Health

You Can Safely Ride Your Bike Under the Influence of Marijuana

A lot of marijuana users claim that smoking makes them feel closer to nature and more inclined to spend time outdoors. In particular, biking while under the influence of cannabis (or "stoned cycling") has proved popular — leading researchers to question whether the physical activity carries added safety risks while high. The answer turns out to be a resounding "no," a new study found.

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In an effort to determine how pot affects a person's ability to ride a bike, researchers in Germany and Australia conducted an experiment. They had 14 test participants ride a bike through an obstacle course — first while sober, then after smoking one, two, and three joints — and compared their performance. The final results were published in the International Journal of Legal Medicine.

The test participants were all self-reported marijuana users, so THC, the main psychoactive component of cannabis, affected them differently than it would for non-users. The more frequently a person smokes, the higher their tolerance. Each joint contained 300 micrograms of THC per kilogram of body weight; they were cultivated by a Dutch grower, authorized for research purposes by the German government.

The participants were asked to inhale the joints for four seconds, hold their breath for 10 seconds, and exhale for 15 seconds. Then they were instructed to bike through an obstacle course, and for each mistake they made — veering off the track, knocking over barrels, running red lights, stalling at green lights, etc. — they received a demerit and points off their final score. As it turned out, it didn't seem to matter how much marijuana the stoned cyclists smoked.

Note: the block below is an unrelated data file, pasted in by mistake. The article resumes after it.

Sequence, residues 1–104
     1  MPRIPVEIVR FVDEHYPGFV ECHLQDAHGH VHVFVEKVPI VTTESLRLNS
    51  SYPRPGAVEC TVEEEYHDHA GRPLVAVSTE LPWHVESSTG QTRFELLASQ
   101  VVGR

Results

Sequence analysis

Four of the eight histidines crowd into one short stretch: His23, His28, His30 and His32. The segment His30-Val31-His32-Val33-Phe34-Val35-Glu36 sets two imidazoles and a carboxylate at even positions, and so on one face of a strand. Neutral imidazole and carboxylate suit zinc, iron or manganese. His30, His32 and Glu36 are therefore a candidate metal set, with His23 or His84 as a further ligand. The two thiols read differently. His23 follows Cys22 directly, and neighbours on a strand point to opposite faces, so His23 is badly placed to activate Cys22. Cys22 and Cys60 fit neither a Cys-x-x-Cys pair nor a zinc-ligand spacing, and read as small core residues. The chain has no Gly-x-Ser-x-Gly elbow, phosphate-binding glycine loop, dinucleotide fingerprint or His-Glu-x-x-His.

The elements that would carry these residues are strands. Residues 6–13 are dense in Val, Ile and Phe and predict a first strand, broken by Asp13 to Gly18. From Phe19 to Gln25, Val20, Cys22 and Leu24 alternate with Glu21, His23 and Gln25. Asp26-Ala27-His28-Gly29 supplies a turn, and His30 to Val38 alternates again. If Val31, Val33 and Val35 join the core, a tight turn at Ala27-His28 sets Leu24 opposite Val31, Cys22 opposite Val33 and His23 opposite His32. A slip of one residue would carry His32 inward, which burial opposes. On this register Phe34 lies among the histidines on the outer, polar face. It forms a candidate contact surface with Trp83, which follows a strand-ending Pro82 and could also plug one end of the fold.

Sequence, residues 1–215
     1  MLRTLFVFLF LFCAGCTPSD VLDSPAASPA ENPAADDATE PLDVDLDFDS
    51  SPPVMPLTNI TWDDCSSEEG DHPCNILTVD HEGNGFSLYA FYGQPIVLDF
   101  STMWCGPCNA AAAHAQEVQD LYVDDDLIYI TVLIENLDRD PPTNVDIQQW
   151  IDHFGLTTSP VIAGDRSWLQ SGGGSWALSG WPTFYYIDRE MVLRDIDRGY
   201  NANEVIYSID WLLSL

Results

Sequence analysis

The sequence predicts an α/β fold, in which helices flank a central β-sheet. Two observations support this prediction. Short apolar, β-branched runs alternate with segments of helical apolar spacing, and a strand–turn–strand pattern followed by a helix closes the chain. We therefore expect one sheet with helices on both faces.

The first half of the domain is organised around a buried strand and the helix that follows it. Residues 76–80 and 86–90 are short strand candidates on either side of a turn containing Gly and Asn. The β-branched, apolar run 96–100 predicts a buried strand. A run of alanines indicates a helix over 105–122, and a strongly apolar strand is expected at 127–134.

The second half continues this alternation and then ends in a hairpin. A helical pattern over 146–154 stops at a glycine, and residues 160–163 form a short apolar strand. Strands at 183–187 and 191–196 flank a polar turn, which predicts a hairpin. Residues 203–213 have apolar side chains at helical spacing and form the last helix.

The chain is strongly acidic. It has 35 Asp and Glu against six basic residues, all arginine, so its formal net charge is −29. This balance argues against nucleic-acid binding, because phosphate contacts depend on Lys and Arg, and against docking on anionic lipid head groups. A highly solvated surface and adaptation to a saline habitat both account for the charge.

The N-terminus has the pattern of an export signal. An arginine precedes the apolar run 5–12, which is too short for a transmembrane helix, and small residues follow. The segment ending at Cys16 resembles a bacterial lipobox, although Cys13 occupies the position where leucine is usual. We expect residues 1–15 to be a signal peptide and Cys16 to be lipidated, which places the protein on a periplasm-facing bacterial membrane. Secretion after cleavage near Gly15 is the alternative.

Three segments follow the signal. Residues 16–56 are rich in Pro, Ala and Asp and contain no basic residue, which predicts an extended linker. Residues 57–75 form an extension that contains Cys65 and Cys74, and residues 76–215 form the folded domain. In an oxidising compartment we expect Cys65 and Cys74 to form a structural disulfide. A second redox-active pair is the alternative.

Here's a diagram of the obstacle course.

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"Hardly any coordinative disturbances could be detected under the influence of high or very high THC concentrations," the researchers wrote. "Only a few driving faults were observed even under the influence of very high THC concentrations… On average, there is no increase in the number of demerits after the cannabis consumption."

And while the experiment was not meant to be interpreted as evidence that driving under the influence of marijuana was safe (it is illegal to do so, and it is not recommended), the results do appear to confirm that regular marijuana users respond differently to THC than non-users. For infrequent users, high concentrations of THC would presumably affect basic motor skills and coordination; but as far as biking while high is concerned, "[h]ardly any coordinative disturbances could be detected" for frequent users.

What does science say about biking while drunk?

Meanwhile, a 2009 study of biking accidents in New York City revealed that one in five bicyclists who died within three hours after getting in an accident had alcohol in their system. The researchers cautioned, however, that it is not entirely clear that alcohol was a factor in their deaths.

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"It’s a no-brainer to be sober when you ride in New York City,” Catherine Stayton, director of New York's Department of Health and Mental Hygiene, told The New York Times. "Being alert and conscious of everyone else on the road is the best protection a bicyclist has, and biking while impaired makes our already dangerous streets an even greater risk."